3) Always show appreciation to every employee, no matter where they are on the ladder. Let staff know you take pride in them and their efforts. Make a fuss over success – acknowledge successes openly.

4) Self-empower. Encourage individuals to take responsibility for their work roles and to feel free to suggest and implement ways in which procedures might be improved. Let them have a hand in setting job goals.

5) Prepare a new company mission statement – but this time include the active participation of every employee – this allows them to feel involved in the future direction of the company.

6) Promote a “family” atmosphere, encourage workers to care about each other, to support each other and trust each other. Suggest such things as car pooling, or develop a Social Club. Offer barbecues.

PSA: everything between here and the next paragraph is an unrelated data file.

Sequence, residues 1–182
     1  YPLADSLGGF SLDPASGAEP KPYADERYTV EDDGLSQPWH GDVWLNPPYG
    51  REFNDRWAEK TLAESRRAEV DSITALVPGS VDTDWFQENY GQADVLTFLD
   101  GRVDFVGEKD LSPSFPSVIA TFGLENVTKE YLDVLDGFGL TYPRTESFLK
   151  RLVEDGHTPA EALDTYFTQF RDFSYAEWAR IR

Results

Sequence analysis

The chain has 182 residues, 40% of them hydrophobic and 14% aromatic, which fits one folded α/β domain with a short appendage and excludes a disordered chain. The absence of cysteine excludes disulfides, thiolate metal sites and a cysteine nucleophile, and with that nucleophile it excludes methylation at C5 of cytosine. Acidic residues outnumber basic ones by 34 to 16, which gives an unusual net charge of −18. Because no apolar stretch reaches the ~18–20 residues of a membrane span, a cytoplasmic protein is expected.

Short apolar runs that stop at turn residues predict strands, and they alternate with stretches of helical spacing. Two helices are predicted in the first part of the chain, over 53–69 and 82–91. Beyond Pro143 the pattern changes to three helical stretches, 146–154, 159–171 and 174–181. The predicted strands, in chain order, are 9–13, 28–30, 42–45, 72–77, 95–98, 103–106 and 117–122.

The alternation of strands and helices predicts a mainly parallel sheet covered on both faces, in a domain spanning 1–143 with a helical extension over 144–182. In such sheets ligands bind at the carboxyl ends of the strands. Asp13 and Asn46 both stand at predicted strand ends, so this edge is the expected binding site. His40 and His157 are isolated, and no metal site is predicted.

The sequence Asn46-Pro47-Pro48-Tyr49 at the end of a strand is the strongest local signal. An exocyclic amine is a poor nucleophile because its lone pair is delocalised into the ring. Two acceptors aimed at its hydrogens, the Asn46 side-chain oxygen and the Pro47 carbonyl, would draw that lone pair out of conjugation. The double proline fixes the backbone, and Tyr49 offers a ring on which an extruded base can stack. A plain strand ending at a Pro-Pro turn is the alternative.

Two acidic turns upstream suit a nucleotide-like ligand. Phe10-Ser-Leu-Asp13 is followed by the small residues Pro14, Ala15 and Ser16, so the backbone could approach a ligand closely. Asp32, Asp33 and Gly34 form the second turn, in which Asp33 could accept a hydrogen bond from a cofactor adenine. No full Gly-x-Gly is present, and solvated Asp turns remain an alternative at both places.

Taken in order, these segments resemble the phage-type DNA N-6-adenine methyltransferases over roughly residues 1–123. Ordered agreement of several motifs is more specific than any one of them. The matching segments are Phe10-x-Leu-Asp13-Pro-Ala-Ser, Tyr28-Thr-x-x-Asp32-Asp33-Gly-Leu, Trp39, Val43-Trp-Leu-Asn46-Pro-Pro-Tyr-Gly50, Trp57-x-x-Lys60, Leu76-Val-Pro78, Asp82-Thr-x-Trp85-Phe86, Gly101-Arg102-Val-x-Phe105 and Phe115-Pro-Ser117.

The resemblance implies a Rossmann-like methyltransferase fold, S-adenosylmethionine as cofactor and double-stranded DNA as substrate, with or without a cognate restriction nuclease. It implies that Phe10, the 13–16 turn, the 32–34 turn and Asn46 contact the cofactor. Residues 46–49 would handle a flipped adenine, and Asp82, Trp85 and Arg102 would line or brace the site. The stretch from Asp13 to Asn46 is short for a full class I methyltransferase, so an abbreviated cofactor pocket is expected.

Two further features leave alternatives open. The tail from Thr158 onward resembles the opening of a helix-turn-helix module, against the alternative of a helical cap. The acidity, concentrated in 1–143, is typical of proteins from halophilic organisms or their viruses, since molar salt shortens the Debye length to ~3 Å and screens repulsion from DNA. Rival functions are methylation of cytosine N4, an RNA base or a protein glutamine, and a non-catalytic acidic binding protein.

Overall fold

7) Promote pride in the company. Employees today are concerned with the values and ethics of their employers. Ensure the company is one in which the employees can take pride.

8) Show interest in individuals – permit them to be human during work hours. It is not possible to leave personal issues at home – it doesn’t work that way. People appreciate care being shown to them and assistance to deal with personal issues. Today’s manager must also be an adviser, counselor, coach, trainer and a good listener!

9) Find other ways in which life can be made more pleasant and easier for employees. This can be organizing affordable daycare facilities for children, flexible work timetables, gym memberships, weight loss program assistance, counseling, etc.